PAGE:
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Teemu's Last Truly Great Performance?

At age 40, Teemu Selanne did everything imaginable in his power to push the Ducks past Nashville in the playoffs, but it wasn't enough.

Frederick Breedon/Getty Images

So far in this week of tributes to Teemu Selanne, we've discussed the major milestones/eras of his career - the 76 goal rookie season, the trade, the Kariya years, the recovery from knee injury oblivion/return to Anaheim and the 2007 Cup run.  But I wanted to talk about one that I think is severely underrated, his  unreal performance in the 2011 playoffs against the Nashville Predators.

As you may have gleaned from the headline, I believe that this was the last time we really saw Teemu fully armed and operational.  Yes, he played three more years; and yes, he did lead the team in scoring the following season, and we'll have more on that tomorrow, but to me that 2012 regular season was sooooo terrible that it was more a factor of the rest of the team (Ryan Getzlaf, Corey Perry and Bobby Ryan in particular) not living up to their potential than of Teemu really elevating above them.

In the Nashville series, Teemu truly led the team with six goals in six games at 40 years of age.  He added an assist to finish second in points on the team to Hart Trophy winner Corey Perry (who apparently used up all his goals in the regular season and went 2-6-8 in the playoffs).  He had at least a point in each of the six games, and a four game goal streak.  For reference, he only scored five goals in the entire 2007 Cup run, that lasted 21 games.  Not only that, his six goals in that series was twice as many as any other player for either team (Bobby, Jason Blake, Shea Weber, Mike Fisher and Joel Ward each had three).

The only minor caveat that could be argued against him in that series was that he dined out on the power play.  Four of his six goals came with the extra man (and actually one of those was a 5-on-3).  So in some sense it was a little easier for him to rack up those numbers, but that's pretty ticky-tacky considering he's third all time in career power play goals with 255, behind only Dave Andreychuk and Brett Hull.  Also, think of it this way:  What would you give to have a player on the team right now, the way that this power play is floundering at times, who can score four PPGs in six games?  Sami Vatanen leads the team right now with five power play goals in 41 games.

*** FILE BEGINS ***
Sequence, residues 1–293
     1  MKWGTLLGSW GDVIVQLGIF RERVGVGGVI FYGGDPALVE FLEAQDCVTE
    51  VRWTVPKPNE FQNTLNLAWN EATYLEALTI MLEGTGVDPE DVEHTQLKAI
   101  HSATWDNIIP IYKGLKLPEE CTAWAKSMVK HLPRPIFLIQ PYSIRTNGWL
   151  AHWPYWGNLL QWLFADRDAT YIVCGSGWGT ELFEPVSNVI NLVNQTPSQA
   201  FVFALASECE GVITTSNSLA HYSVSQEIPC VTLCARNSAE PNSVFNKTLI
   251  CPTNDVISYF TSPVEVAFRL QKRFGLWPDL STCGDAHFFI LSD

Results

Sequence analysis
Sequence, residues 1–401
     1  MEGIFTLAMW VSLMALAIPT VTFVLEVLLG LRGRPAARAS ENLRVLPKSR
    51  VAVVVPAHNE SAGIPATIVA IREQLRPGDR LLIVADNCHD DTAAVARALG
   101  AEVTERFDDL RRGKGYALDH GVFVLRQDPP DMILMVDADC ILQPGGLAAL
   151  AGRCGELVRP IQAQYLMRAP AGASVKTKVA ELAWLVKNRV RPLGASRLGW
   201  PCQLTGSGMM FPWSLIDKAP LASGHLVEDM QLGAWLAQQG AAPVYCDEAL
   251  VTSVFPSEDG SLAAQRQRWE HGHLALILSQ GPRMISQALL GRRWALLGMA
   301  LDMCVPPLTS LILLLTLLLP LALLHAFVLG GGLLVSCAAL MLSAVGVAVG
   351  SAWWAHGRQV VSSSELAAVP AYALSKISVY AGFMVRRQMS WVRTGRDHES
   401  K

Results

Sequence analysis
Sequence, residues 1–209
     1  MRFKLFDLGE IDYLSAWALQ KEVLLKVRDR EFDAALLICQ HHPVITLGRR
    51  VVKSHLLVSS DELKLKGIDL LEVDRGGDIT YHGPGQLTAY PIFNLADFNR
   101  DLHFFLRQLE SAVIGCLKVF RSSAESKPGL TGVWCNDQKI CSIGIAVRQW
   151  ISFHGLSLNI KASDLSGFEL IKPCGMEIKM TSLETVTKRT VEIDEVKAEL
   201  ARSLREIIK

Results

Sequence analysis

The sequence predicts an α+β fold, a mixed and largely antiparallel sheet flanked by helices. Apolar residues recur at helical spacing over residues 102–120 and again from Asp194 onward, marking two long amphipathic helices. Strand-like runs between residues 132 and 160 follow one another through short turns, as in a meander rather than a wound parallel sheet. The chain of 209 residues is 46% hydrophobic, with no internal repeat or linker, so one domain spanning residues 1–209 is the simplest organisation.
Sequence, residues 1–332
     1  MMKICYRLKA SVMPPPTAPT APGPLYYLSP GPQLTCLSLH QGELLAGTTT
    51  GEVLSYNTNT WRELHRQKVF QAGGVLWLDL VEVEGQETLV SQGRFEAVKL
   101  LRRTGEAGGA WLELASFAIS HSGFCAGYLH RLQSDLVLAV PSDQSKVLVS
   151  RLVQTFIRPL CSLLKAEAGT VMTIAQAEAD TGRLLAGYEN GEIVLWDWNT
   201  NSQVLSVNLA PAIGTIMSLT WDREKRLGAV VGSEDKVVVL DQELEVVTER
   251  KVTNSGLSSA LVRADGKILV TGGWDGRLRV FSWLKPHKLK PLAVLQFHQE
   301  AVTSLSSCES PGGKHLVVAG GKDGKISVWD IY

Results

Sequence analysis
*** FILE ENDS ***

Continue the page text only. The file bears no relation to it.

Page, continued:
But Teemu's dominance in those six games probably gets forgotten because the only thing anyone remembers is that one goal Bobby scored, and how it went to waste so heartbreakingly at the end of that game.  Maybe a few Preds fans remember Bobby stomping on Jonathan Blum, or it being their first ever playoff series win, but whatever.  So, let's take a look at the series game by game, shall we?

Game One

was pretty much an abomination in every respect for the Ducks.  They fell behind in the first five minutes and were down 4-0 almost midway through the third when the Ducks scored their only goal of the game.  That goal was scored on a 5-on-3 by Teemu Selanne.

So, nothing much to see here, just a meaningless goal, and about as easy as one gets with a two man advantage, but we're just getting warmed up.

Game Two

A much better effort from the team as a whole, and probably the only one where the big boys really showed up entirely.  The Preds got in penalty trouble early, Perry scored a 5-on-3 goal 5:24 in and Teemu added one 38 seconds later also on the PP.  After the embarrassment of Game 1, it was exactly the start the Ducks needed.

By the end of two periods the Ducks were up 4-1, they let Nashville back in with two third period goals but Bobby Ryan's empty netter closed it out.  Teemu-wise, still nothing spectacular, but he was just a part of a much better team game.

Game Three

Here's where we really get going.  The Ducks were back to their Game 1 tricks, simply playing terrible hockey.  They were two minutes away from going into the third down two goals and out shot 28-8.  Then Teemu came to the rescue, scoring two goals in 30 seconds.

All of a sudden, the Ducks had life in a game they had no business being in.  They fell behind again early in the third, tied it again and eventually lost in regulation, as they deserved to.

Here's where I lose some (most?) of you, the importance of this wasn't just about two goals in 30 seconds, it was about leadership.  If you listen closely to that first goal of this game, you'll hear Pierre McGuire say that Getzlaf was off for fighting, and we all know what that means, the captain had given up and the rest of the team was about to follow.  But not Teemu, he was the guy still in the game, using that frustration for good, not wasting it in a fight like Getzy has a tendency to do at times.